Here is my simple reasoning. We apply a potential difference across a resistor. All the electrons begin responding. Since it takes time for electrons to respond, our current is not yet fully established. In fact, immediately after we apply the voltage, the current is zero! And yet we have a non-zero V and R. So am I wrong here, or does V sometimes not equal IR?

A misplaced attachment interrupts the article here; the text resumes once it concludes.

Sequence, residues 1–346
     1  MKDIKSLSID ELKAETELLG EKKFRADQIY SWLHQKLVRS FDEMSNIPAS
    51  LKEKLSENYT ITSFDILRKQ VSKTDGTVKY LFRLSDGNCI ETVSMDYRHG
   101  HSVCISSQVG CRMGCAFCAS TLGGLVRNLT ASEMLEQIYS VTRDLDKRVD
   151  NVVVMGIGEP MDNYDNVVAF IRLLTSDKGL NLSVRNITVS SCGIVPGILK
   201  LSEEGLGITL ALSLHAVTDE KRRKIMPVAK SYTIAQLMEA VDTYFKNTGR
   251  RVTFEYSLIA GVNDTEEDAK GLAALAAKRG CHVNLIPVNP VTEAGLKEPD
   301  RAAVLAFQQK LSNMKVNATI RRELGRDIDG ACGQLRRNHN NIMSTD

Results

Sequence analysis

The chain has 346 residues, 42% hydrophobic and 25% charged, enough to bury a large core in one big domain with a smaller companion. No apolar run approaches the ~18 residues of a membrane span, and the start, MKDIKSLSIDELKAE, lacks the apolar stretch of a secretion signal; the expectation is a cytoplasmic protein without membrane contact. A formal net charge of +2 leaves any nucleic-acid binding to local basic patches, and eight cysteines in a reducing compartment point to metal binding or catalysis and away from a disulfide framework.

EDIT: I'm having a bit of an issue here. People want to say that an inductance of zero will allow for instantaneous current initiation, but I wonder. Is it ever possible to accelerate an object with mass infinitely quickly with nothing but an electric field? Sounds impossible more than likely. I feel that an instantaneous acceleration can only be caused by an infinite amount of energy given.